Title: The Shadow Hour
Author: Melissa Grey
Published by: Delacorte Press
Publication date: July 12, 2016
Genres: Fantasy, Adventure, Romance
Summary from Goodreads:
Everything in Echo’s life changed in a blinding flash when she learned the startling truth: she is the firebird, the creature of light that is said to bring peace.
The firebird has come into the world, but it has not come alone. Every action has an equal and opposite reaction, and Echo can feel a great and terrible darkness rising in the distance. Cosmic forces threaten to tear the world apart.
Echo has already lost her home, her family, and her boyfriend. Now, as the firebird, her path is filled with even greater dangers than the ones she’s already overcome.
She knows the Dragon Prince will not fall without a fight.
Echo must decide: can she wield the power of her true nature—or will it prove too strong for her, and burn what’s left of her world to the ground?
Welcome to the shadow hour.
Like many second installments to trilogies, the middle book is often plagued with less plot and an adjustment to character circumstances. The Shadow Hour is no different - following Echo as she adjusts to being the firebird and navigates relational changes with her friends. I wasn't bored, but I like character studies, and we get to know these characters better and watch them change and try to make sense of themselves. While Shadow Hour sets up the third book for an ultimate showdown with Echo as the powerful firebird, I like that Echo's character from the first book is not lost. Sure, she struggles with some self doubt, but Echo is the same wise-cracking, intelligent, word-loving (she knows words, and really does have the best words) thief.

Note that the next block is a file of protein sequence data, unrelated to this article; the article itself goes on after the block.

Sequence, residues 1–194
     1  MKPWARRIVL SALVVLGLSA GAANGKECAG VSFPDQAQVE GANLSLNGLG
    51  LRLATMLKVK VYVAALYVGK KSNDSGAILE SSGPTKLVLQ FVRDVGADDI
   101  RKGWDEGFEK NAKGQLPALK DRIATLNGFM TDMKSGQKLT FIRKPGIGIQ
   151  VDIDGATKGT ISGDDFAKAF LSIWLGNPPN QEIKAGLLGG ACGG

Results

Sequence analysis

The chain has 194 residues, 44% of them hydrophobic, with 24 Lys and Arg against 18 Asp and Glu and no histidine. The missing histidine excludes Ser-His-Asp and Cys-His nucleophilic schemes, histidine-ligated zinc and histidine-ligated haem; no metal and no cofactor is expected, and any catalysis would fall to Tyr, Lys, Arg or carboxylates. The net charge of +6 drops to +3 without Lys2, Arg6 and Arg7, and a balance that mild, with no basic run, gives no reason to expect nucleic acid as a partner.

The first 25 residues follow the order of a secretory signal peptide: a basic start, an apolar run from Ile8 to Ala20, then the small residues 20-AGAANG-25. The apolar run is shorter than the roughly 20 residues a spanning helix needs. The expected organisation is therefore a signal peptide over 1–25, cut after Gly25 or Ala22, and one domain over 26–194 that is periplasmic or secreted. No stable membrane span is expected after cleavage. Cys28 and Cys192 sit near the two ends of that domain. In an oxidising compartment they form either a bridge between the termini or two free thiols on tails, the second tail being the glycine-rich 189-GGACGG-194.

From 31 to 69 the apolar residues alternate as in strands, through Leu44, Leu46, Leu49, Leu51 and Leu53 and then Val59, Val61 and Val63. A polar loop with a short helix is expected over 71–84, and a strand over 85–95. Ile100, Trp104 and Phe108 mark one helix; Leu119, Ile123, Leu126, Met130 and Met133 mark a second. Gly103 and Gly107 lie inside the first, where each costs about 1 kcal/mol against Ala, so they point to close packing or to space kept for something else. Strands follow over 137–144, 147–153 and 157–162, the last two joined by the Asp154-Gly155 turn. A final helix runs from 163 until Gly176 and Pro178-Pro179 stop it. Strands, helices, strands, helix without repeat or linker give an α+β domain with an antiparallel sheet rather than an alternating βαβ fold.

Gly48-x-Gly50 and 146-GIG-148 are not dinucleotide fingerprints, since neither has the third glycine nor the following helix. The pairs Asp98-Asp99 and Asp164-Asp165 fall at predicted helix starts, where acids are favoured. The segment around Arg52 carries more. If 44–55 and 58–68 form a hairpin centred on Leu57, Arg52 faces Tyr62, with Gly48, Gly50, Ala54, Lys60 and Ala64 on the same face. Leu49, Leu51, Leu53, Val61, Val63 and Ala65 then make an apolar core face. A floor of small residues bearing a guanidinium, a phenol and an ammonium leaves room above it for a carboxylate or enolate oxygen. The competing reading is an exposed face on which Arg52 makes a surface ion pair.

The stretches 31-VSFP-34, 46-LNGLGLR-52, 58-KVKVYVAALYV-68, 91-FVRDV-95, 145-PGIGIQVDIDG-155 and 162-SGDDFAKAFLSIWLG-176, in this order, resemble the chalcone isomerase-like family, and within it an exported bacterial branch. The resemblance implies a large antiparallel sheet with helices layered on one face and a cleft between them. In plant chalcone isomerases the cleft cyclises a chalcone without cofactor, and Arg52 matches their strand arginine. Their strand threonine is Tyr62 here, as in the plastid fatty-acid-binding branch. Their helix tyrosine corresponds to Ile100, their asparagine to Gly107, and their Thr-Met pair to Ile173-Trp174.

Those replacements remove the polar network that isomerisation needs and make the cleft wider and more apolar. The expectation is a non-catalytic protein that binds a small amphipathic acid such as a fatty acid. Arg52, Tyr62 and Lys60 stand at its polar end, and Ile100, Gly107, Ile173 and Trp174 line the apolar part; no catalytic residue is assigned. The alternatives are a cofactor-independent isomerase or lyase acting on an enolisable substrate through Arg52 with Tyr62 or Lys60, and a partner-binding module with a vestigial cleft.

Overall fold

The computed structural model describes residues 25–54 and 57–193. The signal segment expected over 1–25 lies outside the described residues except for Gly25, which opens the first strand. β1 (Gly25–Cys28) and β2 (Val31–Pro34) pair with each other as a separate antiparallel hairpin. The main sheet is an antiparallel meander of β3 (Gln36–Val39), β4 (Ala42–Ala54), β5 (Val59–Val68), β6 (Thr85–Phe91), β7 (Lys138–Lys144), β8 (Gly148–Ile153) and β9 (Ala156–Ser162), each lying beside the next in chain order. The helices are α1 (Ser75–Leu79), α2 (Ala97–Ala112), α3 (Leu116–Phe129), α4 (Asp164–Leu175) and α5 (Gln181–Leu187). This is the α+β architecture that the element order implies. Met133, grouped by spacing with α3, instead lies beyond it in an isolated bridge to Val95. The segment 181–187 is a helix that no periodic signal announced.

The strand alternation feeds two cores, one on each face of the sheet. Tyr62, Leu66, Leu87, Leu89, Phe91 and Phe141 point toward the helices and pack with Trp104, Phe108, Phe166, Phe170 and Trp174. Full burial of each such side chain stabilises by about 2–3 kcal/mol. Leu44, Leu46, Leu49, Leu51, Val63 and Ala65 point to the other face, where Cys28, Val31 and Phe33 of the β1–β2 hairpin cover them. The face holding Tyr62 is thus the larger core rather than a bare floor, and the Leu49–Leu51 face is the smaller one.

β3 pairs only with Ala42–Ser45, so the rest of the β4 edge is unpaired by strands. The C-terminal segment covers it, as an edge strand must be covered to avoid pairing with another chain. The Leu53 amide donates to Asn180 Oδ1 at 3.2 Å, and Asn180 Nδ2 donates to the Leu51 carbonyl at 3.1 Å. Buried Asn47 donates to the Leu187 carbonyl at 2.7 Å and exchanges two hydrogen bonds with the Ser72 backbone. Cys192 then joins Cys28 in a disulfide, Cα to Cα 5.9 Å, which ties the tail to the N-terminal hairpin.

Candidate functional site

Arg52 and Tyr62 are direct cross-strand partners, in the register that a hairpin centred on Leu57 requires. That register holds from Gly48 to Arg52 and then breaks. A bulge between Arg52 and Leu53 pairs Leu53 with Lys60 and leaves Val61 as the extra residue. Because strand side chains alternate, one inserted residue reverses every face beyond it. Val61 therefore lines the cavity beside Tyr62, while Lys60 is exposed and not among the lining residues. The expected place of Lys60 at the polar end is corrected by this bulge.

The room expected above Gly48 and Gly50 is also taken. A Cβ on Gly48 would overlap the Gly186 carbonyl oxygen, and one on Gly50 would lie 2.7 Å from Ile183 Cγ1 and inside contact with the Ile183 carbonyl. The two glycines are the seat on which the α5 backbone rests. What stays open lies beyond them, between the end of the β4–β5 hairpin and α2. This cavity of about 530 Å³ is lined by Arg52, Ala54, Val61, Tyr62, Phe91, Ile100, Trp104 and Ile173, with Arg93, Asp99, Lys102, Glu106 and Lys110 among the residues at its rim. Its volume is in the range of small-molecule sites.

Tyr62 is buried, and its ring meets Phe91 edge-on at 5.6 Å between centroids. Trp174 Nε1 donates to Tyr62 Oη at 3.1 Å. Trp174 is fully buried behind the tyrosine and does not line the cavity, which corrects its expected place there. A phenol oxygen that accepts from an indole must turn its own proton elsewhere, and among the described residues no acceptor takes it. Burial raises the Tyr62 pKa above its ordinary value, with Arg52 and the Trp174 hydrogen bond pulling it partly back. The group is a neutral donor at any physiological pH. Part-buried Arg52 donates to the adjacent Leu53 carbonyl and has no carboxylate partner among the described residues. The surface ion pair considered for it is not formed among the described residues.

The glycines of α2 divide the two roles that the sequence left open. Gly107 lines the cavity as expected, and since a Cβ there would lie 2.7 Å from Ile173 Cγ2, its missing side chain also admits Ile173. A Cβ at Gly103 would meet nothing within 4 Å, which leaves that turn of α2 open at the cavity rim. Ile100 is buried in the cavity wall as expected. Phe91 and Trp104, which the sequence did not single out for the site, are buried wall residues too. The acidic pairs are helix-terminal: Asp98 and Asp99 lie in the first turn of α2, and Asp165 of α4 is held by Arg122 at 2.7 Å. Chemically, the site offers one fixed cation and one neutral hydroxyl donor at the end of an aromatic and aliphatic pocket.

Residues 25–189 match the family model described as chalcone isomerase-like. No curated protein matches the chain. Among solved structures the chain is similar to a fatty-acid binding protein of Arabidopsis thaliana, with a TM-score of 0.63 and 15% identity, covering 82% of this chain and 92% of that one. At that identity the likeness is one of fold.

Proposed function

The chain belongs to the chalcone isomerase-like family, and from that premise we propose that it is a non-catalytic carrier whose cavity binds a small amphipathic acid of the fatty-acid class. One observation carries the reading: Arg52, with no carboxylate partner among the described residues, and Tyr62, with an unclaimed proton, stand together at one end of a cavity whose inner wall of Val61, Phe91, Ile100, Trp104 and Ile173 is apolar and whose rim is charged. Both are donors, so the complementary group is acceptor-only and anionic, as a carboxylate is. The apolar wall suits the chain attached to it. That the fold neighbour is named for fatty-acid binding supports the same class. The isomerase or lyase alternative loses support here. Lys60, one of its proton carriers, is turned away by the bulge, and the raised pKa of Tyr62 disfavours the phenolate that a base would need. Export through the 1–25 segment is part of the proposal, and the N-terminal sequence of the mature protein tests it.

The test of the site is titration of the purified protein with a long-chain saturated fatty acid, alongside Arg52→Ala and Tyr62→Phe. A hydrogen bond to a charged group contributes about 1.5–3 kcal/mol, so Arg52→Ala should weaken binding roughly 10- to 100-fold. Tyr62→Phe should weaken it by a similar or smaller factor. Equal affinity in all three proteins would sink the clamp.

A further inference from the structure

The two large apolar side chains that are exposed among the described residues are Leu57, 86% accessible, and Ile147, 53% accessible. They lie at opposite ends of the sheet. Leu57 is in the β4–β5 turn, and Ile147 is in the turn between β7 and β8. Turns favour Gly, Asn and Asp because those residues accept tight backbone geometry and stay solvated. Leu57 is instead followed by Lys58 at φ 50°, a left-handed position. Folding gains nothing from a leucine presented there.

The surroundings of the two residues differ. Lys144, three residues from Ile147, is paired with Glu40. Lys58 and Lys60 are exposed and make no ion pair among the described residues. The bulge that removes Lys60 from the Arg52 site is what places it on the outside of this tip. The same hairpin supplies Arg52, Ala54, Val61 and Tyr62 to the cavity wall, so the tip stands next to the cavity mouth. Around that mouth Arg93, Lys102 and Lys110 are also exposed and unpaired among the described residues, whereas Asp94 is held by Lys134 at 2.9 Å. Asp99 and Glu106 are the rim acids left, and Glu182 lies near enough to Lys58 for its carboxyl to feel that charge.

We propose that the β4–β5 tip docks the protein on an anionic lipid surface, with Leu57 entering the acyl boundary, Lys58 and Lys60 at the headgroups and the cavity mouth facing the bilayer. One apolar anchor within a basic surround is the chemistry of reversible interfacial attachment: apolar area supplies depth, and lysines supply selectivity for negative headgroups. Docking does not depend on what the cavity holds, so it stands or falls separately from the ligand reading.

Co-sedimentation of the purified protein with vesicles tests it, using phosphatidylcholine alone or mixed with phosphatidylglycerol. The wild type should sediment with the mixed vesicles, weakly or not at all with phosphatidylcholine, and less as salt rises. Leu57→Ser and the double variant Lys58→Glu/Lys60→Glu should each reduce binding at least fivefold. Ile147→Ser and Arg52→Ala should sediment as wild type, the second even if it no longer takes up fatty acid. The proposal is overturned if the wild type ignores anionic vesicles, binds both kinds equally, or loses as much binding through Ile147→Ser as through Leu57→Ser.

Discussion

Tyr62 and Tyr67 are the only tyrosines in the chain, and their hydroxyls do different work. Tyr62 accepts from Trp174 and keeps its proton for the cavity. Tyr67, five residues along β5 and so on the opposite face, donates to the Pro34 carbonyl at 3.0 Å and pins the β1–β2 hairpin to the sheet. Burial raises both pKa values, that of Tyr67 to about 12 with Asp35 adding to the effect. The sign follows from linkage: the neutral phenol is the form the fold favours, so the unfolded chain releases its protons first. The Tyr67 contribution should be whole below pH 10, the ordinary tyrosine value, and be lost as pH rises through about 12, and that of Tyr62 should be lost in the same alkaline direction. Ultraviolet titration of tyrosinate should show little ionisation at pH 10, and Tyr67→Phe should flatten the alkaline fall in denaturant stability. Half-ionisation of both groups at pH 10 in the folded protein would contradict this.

Echo's relationships with the men in her life confuse her: she cares for both Rowan and Caius. One makes his feelings known more than another, but between Echo's past with Rowan and Caius' past with Rose (who resides in Echo's mind), it's almost impossible to do a thorough self-examination of the heart in times of survival. I was surprised Rowan played a larger role in this book, and it was nice to get to know him better. Caius endears himself to Echo (and me) with his rudimentary understanding of modern technology - I mean, who can really trust a microwave? Caius and Echo's relationship could be rocky as Echo comes to blows with Caius' sister in the final book. I do think Echo and Caius will end up together in the end. Echo's relationship seemed more sisterly toward Rowan. While those three are sorting things out, Dorian and Jasper make some relationship strides in this book. For fans of these two, you'll be happy.
I liked this book. The Girl at Midnight was full of discovery, adventure, and snark, which I liked better. Though the Shadow Hour might have been a little weak, hopefully it sets up Echo and her friends for an explosive conclusion.
Would I let my teen read this book?
Like The Girl at Midnight - this is a fantasy story with compelling characters and a creative, epic mythology. At its heart are themes about family, trust, and sacrifice—worthy of discussing. There is some language and violence, along with romantic relationships between heterosexuals and homosexuals, for these reasons I’ve recommended this book for everyone 16 and older. See the specifics below.
Age recommendation: 16
Language – Moderate – There's a few f-words and other curses
Drugs & Alcohol— None
Sex – Kisses between hetero and homosexual couples
Violence – Destructive violence (fire, buildings crumbling) that kills characters
My Goodreads rating: 3 out of 5 stars
I read a lot. I'm a Mom. I'm officially in my 30s, but strangers often don't believe I'm old enough to drink. I love Young Adult fiction, and thought it was worthwhile to help teens and adults find age-appropriate options.